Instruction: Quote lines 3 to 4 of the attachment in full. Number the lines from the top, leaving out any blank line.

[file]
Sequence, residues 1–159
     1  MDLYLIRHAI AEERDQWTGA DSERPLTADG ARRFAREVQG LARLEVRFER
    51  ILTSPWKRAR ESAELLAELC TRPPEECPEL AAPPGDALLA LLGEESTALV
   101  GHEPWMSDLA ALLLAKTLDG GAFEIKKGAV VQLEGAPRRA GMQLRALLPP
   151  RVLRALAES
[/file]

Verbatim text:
    51  ILTSPWKRAR ESAELLAELC TRPPEECPEL AAPPGDALLA LLGEESTALV
   101  GHEPWMSDLA ALLLAKTLDG GAFEIKKGAV VQLEGAPRRA GMQLRALLPP